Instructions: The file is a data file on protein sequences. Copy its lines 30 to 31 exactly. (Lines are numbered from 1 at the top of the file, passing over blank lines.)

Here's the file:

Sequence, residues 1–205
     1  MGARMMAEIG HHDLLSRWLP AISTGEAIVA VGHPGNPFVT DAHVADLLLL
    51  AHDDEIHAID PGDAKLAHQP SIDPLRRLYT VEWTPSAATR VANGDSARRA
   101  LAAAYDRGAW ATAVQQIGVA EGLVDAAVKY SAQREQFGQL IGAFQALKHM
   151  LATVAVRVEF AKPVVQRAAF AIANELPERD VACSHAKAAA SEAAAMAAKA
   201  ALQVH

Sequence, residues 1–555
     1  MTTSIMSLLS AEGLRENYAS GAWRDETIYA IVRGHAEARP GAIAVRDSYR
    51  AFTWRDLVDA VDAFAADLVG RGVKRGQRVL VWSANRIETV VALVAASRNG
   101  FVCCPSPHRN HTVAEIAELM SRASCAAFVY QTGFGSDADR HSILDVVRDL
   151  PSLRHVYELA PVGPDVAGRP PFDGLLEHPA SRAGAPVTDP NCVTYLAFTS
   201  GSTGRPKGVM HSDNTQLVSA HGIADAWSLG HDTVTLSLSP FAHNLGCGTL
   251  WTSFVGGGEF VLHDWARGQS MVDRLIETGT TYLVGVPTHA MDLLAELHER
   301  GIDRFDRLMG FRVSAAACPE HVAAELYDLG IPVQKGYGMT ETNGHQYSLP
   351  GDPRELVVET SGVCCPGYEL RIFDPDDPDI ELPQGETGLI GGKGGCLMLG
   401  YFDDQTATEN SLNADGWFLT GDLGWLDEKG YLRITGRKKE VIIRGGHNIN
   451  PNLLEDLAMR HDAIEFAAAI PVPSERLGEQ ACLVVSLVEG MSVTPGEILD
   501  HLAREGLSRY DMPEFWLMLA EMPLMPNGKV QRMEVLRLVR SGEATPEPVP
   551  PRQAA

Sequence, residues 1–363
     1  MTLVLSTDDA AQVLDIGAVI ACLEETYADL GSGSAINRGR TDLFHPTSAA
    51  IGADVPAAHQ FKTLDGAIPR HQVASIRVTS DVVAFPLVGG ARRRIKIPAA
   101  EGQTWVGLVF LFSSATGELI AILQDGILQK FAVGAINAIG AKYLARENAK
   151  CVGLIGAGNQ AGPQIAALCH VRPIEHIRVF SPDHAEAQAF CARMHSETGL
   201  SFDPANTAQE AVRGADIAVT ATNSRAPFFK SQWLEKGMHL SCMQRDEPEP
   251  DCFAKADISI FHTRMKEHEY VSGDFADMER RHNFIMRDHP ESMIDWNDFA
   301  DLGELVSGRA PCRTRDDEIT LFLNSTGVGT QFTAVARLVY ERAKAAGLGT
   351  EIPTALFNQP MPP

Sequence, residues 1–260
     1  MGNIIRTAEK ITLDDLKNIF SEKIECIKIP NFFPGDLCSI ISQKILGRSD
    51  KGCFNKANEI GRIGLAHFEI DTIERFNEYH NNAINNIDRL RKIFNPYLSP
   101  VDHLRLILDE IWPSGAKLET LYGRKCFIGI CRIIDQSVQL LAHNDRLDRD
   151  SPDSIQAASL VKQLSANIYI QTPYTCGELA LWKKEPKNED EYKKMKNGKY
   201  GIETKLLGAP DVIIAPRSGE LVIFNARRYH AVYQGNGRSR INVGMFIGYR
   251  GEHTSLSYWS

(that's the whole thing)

     1  MGNIIRTAEK ITLDDLKNIF SEKIECIKIP NFFPGDLCSI ISQKILGRSD
    51  KGCFNKANEI GRIGLAHFEI DTIERFNEYH NNAINNIDRL RKIFNPYLSP